When the surface is fully dried, apply two coats of wet flexible sealer and wait for about 30 minutes for it to dry up. Here, you might need to cover your nose with a mask as these paints can be toxic when inhaled.

Now, to apply the primer/undercoat, you will need to spray three coats while allowing 15 minutes for each coat to dry up. Ensure that you keep a distance of about 15 centimeters to allow a smooth and even application. When you’re done spraying all the three coats, allow the surface to dry out naturally for about 8 hours.

Step 7: Sand It once More

Once the primer has entirely dried up, you’ll have to sand the surface once more to remove any small particles that might be present in the area. A 400 grit sandpaper is the perfect one to use as it will sand the edges making the area smooth and satisfying.

Step 8: Painting Time

Now that you’ve followed all the previous steps carefully, its time to paint the bumper to give it a completely new look. But, before doing that, make sure that you examine the color of the paint to ensure it’s exactly the same to that painted on your car.

Note: using paint with a different shade as compared to that on your bumper can easily mess the appearance of your car.

Start off by cleaning the surface gently using a wet towel to remove any particle leftovers. Once dry, apply the first coat by spraying gently at a distance of about 10 centimeters. Do this with the rest of the coats (about 3 coats) and don’t forget to maintain consistency.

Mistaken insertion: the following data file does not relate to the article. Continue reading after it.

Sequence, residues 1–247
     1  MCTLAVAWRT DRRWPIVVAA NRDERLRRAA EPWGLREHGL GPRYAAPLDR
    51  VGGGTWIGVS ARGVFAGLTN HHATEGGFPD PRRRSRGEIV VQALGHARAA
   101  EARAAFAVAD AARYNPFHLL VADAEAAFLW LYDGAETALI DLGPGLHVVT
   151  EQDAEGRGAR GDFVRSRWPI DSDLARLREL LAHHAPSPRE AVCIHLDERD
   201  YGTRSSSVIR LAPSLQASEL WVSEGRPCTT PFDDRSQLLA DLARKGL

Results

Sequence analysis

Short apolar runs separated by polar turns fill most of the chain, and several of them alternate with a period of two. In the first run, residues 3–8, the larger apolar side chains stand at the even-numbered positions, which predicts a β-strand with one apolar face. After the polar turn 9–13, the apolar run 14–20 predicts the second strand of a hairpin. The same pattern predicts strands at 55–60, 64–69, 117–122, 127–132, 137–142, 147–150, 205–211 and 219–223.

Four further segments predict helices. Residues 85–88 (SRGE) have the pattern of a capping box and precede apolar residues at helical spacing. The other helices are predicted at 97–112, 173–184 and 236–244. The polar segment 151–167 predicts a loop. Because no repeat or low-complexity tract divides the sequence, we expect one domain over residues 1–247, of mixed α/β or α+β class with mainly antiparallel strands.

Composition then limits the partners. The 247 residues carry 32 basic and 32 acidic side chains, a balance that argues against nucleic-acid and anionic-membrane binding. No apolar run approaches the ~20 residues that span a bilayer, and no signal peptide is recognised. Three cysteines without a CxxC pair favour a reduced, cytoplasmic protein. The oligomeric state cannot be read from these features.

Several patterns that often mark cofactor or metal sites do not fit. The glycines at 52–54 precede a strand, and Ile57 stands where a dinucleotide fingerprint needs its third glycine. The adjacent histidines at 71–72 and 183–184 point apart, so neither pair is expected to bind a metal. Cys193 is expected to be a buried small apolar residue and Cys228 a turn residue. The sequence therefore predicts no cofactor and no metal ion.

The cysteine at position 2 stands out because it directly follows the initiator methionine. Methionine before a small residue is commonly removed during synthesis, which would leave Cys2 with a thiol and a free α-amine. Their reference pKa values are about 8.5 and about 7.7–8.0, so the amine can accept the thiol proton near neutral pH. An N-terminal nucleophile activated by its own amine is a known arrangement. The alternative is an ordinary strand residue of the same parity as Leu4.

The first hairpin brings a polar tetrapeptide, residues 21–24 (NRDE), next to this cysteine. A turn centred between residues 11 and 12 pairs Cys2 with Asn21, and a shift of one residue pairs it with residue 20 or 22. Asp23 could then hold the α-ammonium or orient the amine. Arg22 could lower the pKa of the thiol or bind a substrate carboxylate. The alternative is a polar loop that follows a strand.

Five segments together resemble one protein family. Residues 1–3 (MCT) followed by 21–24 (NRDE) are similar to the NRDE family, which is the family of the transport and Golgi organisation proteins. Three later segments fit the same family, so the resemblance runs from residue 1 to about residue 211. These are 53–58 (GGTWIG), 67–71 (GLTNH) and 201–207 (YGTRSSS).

When you’re done with the paint, mix the clear coat with the hardener to get ready for the final step. The clear coat is a transparent paint that acts as a protective layer to ensure that the paint stays long without peeling off.

Just like the prime and the paint, spray the clearcoat at least 10 to 15 centimeters away while allowing 15 minutes for each coat to dry up. When you’re done, double-check the surface carefully to ensure it’s smooth and perfectly finished. In case there’s any overspray left out on the surface, you can apply a blending solvent to remove it.

Final Verdict

If you have followed these steps carefully, then congratulations! You’ve just removed scuffs and scratches from your car’s bumper to make it new again. Although this process is lengthy, following it to the latter means that the final results will be fruitful.

Most people, especially those with less knowledge about vehicle parts, will prefer to visit their nearest auto repair car stores to have their cars fixed by the mechanics. Although this isn’t a bad idea, one drawback is that you’ll end spending a lot of your time and money.

On the other hand, doing it yourself is a lot cheaper as you’ll end up keeping all the leftover repair products till the next time your car’s bumper demands another repair.